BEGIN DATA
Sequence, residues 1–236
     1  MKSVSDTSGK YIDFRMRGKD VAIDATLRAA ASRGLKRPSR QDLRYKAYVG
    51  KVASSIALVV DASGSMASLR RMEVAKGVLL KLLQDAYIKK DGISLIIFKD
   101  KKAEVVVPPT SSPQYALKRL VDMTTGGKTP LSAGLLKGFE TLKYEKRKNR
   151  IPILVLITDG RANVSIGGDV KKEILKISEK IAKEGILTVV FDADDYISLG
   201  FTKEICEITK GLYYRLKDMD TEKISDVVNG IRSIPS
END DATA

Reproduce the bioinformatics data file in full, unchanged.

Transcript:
Sequence, residues 1–236
     1  MKSVSDTSGK YIDFRMRGKD VAIDATLRAA ASRGLKRPSR QDLRYKAYVG
    51  KVASSIALVV DASGSMASLR RMEVAKGVLL KLLQDAYIKK DGISLIIFKD
   101  KKAEVVVPPT SSPQYALKRL VDMTTGGKTP LSAGLLKGFE TLKYEKRKNR
   151  IPILVLITDG RANVSIGGDV KKEILKISEK IAKEGILTVV FDADDYISLG
   201  FTKEICEITK GLYYRLKDMD TEKISDVVNG IRSIPS